Save Our Sharks highlights the terrible price of tradition. Sharks are finned alive for a tasteless soup with no nutritional value. Once the privilege of only the affluent, new wealth in Asia has made shark fin soup more affordable. The high price of fins makes shark fishing very profitable and millions are slaughtered every year. Many species now face extinction. Life on earth relies on the sea. The ocean needs sharks: the killing must stop.
Running time: 6′ 16″

Save Our Sharks – aims to influence the next generation to open their eyes to the devastating cruelty and terrible waste caused by shark finning all in the name of tradition.

Positive results:

Save Our Sharks is part of the Save Our Seas short, ‘sticky’ film campaign. The film delivers a conservation message in a provocative way designed to vividly remain in the mind of the viewer. The film featured during European Shark week and has been shown at several festivals including Wavescape in Cape Town (SA surfer’s festival) and the Fuji Rock Festival in Japan attended by 180,000 people. It won a Panda award at the Wildscreen Film Festival and was part of the Save Our Seas campaign category entry that won a ‘Rocky’ award at Jackson Hole Film Festival.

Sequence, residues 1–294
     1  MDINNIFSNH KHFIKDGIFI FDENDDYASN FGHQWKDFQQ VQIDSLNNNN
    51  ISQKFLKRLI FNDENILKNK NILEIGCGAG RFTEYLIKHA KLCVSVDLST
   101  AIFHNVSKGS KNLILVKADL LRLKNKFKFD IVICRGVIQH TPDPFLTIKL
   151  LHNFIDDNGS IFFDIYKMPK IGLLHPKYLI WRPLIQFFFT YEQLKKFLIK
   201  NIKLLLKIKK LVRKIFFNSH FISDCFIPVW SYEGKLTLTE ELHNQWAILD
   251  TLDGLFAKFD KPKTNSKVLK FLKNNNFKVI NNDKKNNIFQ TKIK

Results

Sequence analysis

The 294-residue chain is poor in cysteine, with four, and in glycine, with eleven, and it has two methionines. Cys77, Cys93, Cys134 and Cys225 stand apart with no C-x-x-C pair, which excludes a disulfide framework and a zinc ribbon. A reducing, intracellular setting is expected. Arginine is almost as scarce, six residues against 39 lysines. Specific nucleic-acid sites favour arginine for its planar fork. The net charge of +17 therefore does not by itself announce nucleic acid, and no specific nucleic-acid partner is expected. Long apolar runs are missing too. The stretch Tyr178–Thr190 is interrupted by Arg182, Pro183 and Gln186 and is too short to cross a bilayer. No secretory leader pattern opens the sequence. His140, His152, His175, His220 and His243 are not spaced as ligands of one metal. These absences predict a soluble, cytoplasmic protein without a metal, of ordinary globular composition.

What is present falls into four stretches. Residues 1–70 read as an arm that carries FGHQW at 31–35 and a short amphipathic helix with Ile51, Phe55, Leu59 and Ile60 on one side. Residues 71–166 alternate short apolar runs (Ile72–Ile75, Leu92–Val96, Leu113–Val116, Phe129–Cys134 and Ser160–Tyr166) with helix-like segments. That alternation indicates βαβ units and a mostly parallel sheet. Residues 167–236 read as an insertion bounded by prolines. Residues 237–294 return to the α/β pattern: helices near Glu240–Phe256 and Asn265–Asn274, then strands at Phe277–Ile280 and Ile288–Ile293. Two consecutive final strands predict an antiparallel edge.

Save Our Sharks has been provided to WWFHK (Hong Kong) and Wildaid to help with their campaign work. It has been translated into Mandarin for distribution in China.

China has banned shark fin soup at its’ official banquets. Save Our Sharks is part of a collective effort by conservationists that has made a difference in the battle against shark finning. See: China Bans Shark Fin Soup at Official Banquets

The Save Our Seas Foundation hope to continue campaigning with the film to reach as many viewers as possible and change a tradition that is having a serious negative effect on sharks worldwide.


Mandarin Version: https://vimeo.com/46685530
Producer: Caroline Brett – caroline@saveourseas.com
Director of Hong Kong sequences: Jo Ruxton
Camera: Dan Beecham, Tom Campbell, Dennis Coffman, Alex